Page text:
The Mythological Background of The Witcher 3's Bestiary - Part 2

22 Mar 2019 Friday
The Mythological Background of The Witcher 3's Bestiary - Part 2
Ağahan  Çelik
Ağahan Çelik Editor

Where do these creatures come from ? Let's take a look

In the second part of our article series, we are going to take a look at the creatures like vampires, Ulfhedinns and one of the most unique beasts of the game Leshens, guardians of the woods. After the Conjunction of the Spheres, dimensions of The Witcher universe intertwined and various creatures spread across mountains, hills, plains and fields of Velen, Novigrad and Skellige. And now its time to find out how these beasts are born, let’s get it started:

The mythology of The Witcher 3's bestiary

Vampire

The Mythological Background of The Witcher 3's Bestiary - Part 2

One of the striking points of The Witcher was to categorize vampires into different kinds and backgrounds. The Witcher’s vampires do not cast shadows, don’t burn up under sunlight, don’t have any reflections on surfaces or mirrors and items like holy water and crucifixes are useless against them. Lower vampires like Ekimmara, Fleder, Garkain, Plumard usually have appearances like huge bats with vicious attitude and they are known for mutilating their victims, while higher vampires like Alp, Katakan, Mula, Bruxa, Nosferat can disguise themselves as a tall, handsome man or a red/black-haired girl who seeks for help to lure people into her trap, and they have ability to act like humans and blend in the big cities or settlements.

Some of these vampire categories are influenced from the historical and mythological figures. For instance, bruxae comes from Portuguese folklore, which depicted vampires as shapeshifters that can turn themselves into dark-haired girls, bats or birds. If you check the bestiary information of bruxa, you will see the following sentences:

“If you must travel through the woods, steer clear of any places where you can hear several different kinds of birds at once. That sound means you’re entering a bruxa’s territory and can kiss your life farewell.’’ This shows they can also take shape of birds like in Portuguese folklore.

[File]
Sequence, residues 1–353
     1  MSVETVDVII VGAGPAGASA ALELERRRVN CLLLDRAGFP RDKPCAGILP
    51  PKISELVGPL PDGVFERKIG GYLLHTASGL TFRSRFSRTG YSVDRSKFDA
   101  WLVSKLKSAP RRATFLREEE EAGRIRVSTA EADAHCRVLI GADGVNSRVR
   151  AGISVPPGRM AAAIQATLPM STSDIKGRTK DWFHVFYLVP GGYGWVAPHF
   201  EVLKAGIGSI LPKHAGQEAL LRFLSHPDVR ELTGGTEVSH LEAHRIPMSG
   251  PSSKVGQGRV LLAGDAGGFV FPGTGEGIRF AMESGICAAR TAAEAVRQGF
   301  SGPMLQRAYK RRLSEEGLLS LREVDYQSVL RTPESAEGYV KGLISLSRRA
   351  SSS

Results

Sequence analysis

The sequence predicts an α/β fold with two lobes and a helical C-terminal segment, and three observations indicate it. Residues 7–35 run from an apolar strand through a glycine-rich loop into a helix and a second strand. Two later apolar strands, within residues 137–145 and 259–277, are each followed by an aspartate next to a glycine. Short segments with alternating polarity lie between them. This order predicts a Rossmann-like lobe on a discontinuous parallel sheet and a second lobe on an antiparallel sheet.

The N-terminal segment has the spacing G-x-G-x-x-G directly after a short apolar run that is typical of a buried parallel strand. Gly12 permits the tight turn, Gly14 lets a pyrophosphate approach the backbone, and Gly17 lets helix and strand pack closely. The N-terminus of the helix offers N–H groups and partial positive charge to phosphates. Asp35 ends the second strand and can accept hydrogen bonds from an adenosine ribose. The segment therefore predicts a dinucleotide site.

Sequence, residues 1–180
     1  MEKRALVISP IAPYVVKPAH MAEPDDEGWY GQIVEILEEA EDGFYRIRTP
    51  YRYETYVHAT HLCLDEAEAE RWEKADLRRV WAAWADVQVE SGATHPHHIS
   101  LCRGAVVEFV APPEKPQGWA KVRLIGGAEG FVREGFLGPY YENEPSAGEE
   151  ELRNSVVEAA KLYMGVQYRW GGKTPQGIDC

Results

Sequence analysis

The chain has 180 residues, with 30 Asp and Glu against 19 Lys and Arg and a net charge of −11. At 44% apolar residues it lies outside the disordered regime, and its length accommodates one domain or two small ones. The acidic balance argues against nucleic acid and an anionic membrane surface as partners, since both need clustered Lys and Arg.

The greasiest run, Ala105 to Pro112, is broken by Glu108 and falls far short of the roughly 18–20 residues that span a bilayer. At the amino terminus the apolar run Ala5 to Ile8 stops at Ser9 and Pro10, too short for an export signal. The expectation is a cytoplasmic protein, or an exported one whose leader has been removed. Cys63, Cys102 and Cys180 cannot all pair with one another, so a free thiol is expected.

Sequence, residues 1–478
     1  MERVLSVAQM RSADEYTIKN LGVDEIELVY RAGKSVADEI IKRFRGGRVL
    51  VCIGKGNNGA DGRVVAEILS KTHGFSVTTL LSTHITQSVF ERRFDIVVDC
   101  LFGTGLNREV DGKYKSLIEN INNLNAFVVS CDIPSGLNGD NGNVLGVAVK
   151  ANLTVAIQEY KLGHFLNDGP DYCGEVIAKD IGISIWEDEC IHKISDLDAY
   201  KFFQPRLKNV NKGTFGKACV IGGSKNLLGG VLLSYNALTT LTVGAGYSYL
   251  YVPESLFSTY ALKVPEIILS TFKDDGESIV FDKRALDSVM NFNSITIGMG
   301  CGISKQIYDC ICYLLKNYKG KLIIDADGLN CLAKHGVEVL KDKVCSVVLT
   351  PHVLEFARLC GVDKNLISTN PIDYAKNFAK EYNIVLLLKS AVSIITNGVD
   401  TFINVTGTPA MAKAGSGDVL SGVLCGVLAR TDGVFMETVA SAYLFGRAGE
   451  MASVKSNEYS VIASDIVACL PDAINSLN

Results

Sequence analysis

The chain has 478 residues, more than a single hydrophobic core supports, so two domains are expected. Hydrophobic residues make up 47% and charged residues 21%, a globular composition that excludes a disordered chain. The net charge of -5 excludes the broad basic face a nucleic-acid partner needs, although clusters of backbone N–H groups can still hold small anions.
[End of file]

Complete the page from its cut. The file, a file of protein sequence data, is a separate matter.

Ekimmara vampires, which appear as big bats, are coming from Sumerian religion, an ancient religion followed by the first knowledgeable civilization ever existed. The word Ekimmara is the modified version of ‘’edimmu’’. Sumerian religion depicts Edimmus as demons that suck not only blood but also life out of their victims, which explains why ekimmara vampires are highly hostile, aggressive and butcher their victims in The Witcher 3.


Leshen

The Mythological Background of The Witcher 3's Bestiary - Part 2

Leshens, guardians of the woods, appear with a deer’s skull on their head, tall and look like walking trees. The word Leshen is coming from ‘’leshy’’, which means ‘’forest’’ in Slavic languages. Slavic folklore explains Leshy as the champion of the woods, just like in The Witcher 3. Yet, the main difference is Leshys are not hostile or malicious creatures. They aim to protect the woods and neighbor villages, but of course for them their forest comes first and if they feel a threat against it, they can turn very aggressive. They are considered to be everywhere in the forest they live and never leave their home.

In addition, according to some Slavic historians, only way to see a Leshy or find your back to home if you are lost in the woods was to turn your clothes inside-out and put your shoes on your other foot. Otherwise you might disappear and never be found in the forest of Leshy. Here is a part from The Witcher’s bestiary about Leshens:

‘’At the heart of the forest lies a secret. In a place born of darkness and primeval nature, resides a mighty and terrifying guardian. Immune to human steel, it is believed the leshen is nature's way of protecting the forest and the animals that live within it from the threat humans started to pose upon their ravaging expansion deeper into the lands.’’

Ulfhedinn

The Mythological Background of The Witcher 3's Bestiary - Part 2

These creatures have similar looks with regular werewolves in the game, yet they have few differences that separate them from werewolves. Firstly, Ulfhedinns are way stronger than werewolves and they can call wolves in order to aid them in fights. In Norse history, Ulfhedinns known for being berserkers dressed as wolves in a state of trance, to scare their enemies in combat. They also drink a special kind of cocktail called ‘’amanita muscaria’’ which made with mushrooms and beer to get into frenzy mode.

The word of Ulfhedinn is the merge of Ulf (meaning wolf) and Hedinn (meaning jacket of fur or skin) in Icelandic language which explains the mythological influence of these creatures in The Witcher series. There are only two known Ulfhedinns and they are both located in Skellige. Here is a part of Ulfhedinn’s bestiary in The Witcher 3:

''Ulfhedinn are a breed of werewolf found mainly in Skellige. The harsh and barren conditions of the isles might explain why they primarily hunt men and are stronger than their continental brethren. Older and particularly dangerous ulfhedinn are called olrefs. Only a few daring warriors in Skellige history have managed to defeat an ulfhedinn, and each of them is commemorated in ballads as a hero to this day.''

Hope you enjoyed the second part, see you in part 3 of The Mythological Background of The Witcher 3's Bestiary !

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